A Code smell is an interesting Software Engineering concept. According to Wikipedia, a Code Smell
“refers to any symptom in the source code of a program that possibly indicates a deeper problem. According to Martin Fowler, “a code smell is a surface indication that usually corresponds to a deeper problem in the system“. Another way to look at smells is with respect to principles and quality: “smells are certain structures in the code that indicate violation of fundamental design principles and negatively impact design quality“.
Common code smells include:
- Class-level smells
- Large class, Feature envy, Inappropriate intimacy, Refused bequest, Lazy class/freeloader
- Method-level smells
Code Smells detection tools
Some free code smell detection tools (which perform static code analysis) include:
- PMD (Java)
- JDeodorant (Java)
- FxCop (C# / .NET)
- StyleCop (C# / .NET)
- NOTE: StyleCop works with source code, whereas FxCop works with compiled files
Most of these smells lower your code’s quality and maintainability. Be sure to include some of these detection tools on your development processes, as well as appropriate coding standards. Automatic noncompliance detection can be accomplished by adding these tools to your build process.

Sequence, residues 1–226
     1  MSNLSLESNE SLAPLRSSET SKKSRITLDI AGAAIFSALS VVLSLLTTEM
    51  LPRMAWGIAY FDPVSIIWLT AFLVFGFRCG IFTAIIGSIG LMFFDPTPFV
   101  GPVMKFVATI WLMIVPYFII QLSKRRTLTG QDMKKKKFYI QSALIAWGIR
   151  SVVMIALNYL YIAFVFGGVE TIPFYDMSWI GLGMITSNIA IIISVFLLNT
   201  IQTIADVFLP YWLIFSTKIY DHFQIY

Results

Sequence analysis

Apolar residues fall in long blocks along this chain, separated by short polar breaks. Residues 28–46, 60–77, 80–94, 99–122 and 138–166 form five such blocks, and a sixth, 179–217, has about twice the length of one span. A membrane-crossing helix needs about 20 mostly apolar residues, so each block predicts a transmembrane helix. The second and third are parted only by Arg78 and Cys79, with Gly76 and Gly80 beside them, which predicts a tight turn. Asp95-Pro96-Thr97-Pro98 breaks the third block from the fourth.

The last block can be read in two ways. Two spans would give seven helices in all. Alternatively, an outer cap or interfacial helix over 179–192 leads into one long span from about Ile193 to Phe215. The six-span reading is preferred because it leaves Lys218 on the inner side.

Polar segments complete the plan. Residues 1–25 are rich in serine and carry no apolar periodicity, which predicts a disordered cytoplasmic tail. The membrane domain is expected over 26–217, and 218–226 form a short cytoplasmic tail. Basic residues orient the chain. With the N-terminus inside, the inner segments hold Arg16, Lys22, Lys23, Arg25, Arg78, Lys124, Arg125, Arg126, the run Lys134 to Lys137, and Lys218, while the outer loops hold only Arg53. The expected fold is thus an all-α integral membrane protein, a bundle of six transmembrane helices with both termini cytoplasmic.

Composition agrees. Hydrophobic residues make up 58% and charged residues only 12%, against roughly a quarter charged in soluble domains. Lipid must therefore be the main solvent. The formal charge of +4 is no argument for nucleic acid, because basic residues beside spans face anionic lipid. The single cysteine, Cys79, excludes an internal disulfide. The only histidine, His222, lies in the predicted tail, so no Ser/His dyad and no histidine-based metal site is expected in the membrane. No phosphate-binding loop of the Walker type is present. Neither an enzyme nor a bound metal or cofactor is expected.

You can research more tools at https://en.wikipedia.org/wiki/List_of_tools_for_static_code_analysis
- Tufano, M.; Palomba, F.; Bavota, G.; Oliveto, R.; Di Penta, M.; De Lucia, A.; Poshyvanyk, D. (2015-05-01). “When and Why Your Code Starts to Smell Bad” (PDF). 2015 IEEE/ACM 37th IEEE International Conference on Software Engineering (ICSE). 1: 403–414. doi:10.1109/ICSE.2015.59.
- Fowler, Martin. “CodeSmell”. martinfowler.com/.
- Suryanarayana, Girish (November 2014). Refactoring for Software Design Smells. Morgan Kaufmann. p. 258. ISBN 978-0128013977.